Dealing With Student Loans: Refinancing and Consolidating Debt

This seems to be the new reality for millennials in the United States. In order to get a well paying job, you have to go to college. To get through college, you have to take on massive amounts of debt. Finally you have that well paying job, but instead of chasing your American dream of owning a home or starting your own business, you’re essentially saddled with student loan payments so big they could easily outpace your living expenses. By the time you’ve graduated and realized just how much debt you’ve amassed, it can feel crushing and nearly impossible to dig yourself out from beneath it. However, you do have some options.

Take Stock of Your Loans

Before you can determine a plan to deal with your student loans, you need to take stock of the loans you have, their interest rates, and whether they are federal or private loans. It’s important to identify which loans are private and which are federal since there are different options available to you depending on what type of loan you are working with. The easiest way to assess which federal student loans you have outstanding is to sign into Here you can view your federal loans, their terms, and estimate your timeframe for repaying your loan. To take stock of your private loans, you can pull your credit report for a list of the your outstanding loans. You are entitled to pull your credit report for free annually via

Private Loans

Once you have a good idea of what loans you have outstanding, you can begin to develop a plan to tackle those loans. When it comes to private loans, you typically have the option to refinance or consolidate your loans. Refinancing is when you voluntarily engage a private lender to pay off your original loan in order to reissue a loan to you on their new terms. This can be a great tool to lower your interest rate or monthly payment on a specific loan. You will need to research different lenders, their respective rates, repayment terms, and apply to the lender with your request to refinance. Your best chance of being approved for refinancing at a better rate is if you have a decent credit score (mid-600’s and up), a stable career/income, and a low debt-to-income ratio (the lower the better). The other option for private student loans is to consolidate them. This is basically a logistical move in which a company will take on all of your loans so that you will only have to make one monthly payment to them instead of paying each loan individually. I typically advise against consolidating private loans as the interest rate usually isn’t lower and there are often fees associated with consolidation that can add up over time.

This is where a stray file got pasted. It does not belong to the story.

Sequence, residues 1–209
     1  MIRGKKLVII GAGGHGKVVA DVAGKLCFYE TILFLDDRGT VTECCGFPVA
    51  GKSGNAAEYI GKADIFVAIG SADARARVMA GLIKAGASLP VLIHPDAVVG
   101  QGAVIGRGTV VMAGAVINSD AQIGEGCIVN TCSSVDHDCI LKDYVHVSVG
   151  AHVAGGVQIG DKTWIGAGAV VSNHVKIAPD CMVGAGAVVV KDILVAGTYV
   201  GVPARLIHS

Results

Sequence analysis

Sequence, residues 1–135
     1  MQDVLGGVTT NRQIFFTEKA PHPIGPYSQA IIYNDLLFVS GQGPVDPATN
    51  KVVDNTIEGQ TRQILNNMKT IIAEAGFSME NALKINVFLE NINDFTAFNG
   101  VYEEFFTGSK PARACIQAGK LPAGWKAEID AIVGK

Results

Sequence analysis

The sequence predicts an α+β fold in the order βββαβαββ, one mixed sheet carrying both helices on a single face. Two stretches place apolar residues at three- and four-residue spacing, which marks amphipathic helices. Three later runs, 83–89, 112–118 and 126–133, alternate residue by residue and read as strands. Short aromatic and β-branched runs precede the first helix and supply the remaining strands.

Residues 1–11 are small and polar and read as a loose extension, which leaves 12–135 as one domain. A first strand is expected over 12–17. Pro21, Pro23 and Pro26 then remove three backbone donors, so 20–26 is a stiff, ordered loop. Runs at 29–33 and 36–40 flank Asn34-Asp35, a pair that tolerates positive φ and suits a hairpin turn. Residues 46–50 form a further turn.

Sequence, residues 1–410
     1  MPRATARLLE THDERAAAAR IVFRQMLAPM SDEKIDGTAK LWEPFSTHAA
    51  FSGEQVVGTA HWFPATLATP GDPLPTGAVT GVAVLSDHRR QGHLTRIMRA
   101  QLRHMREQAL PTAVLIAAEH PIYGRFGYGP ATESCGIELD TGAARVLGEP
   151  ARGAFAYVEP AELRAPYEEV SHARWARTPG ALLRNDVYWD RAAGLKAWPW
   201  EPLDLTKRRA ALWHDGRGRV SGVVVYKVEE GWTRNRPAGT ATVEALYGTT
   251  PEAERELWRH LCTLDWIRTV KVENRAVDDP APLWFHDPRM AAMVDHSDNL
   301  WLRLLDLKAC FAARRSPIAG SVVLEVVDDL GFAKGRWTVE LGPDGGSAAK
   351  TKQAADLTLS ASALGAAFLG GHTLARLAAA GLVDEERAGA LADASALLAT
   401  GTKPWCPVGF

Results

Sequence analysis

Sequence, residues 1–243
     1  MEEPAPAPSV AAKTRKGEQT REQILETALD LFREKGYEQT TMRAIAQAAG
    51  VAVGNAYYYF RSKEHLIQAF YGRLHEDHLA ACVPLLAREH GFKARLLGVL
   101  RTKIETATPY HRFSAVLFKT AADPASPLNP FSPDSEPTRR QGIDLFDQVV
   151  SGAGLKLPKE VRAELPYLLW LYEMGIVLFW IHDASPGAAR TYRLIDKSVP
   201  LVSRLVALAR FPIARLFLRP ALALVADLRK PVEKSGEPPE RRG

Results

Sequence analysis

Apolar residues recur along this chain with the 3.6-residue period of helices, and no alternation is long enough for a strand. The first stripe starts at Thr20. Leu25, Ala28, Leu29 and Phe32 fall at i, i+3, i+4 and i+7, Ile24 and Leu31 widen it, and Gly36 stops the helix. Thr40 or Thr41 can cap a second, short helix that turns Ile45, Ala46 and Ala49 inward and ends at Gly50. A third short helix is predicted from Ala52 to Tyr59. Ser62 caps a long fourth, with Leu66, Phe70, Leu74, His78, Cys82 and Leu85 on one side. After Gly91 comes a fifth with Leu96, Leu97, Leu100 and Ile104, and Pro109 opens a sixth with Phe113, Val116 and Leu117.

Federal Loans

In the case of Federal loans, you typically will have some additional options for repayment that don’t exist for private loans. The first of these are income-driven repayment options which can help by lowering your monthly loan payments if they are disproportionately high compared to your income. There are four different types of income-driven repayment options available through the federal government, and you can learn more about them/apply for them hereThis is a phenomenal option if you qualify. The basic idea is that your loan payments will be tied to your income. Therefore, you will have smaller payments due when you are just starting your career and earning a much smaller wage. As your income grows and your ability to repay your loans grows, your payments will increase. Overall, this can be very helpful in getting off to the right financial start after graduating. The last thing you want to do is to default on your loans, and this gives you a risk-free chance to make your loans work with your income.

Loan forgiveness is another option if you have federal student loans. Loan forgiveness can come about if you enter into some civil service jobs (i.e. teaching in low income areas). While cases where this can apply are less common, it’s a great option if you’re open to your employment possibilities. For both income-driven loan repayments and loan forgiveness of federal loans, you may be required to consolidate your loans in order to enter into the program. In these cases, consolidation is just a formality that you shouldn’t be alarmed about. Lastly, if you don’t qualify for loan forgiveness or income-driven repayments, refinancing can also be considered for federal loans.

The Bottom Line

There is hope! You can work your way out from under these loans. Consider the type of loans you have and what your options are for each. Work to get your rates as low as possible, avoid defaulting, and attack your loans with everything you have. You will be free before you know it!

Written By: Lindsay Dell Cook

Lindsay Dell Cook is a CPA, finance writer, and founder of Budget Babble. She lives in Philadelphia with her uber supportive husband and adorable daughter. When she's not working, she enjoys spending time with her family, taking their lovable mutt for walks, or reading a good book while buried under a pile of cats.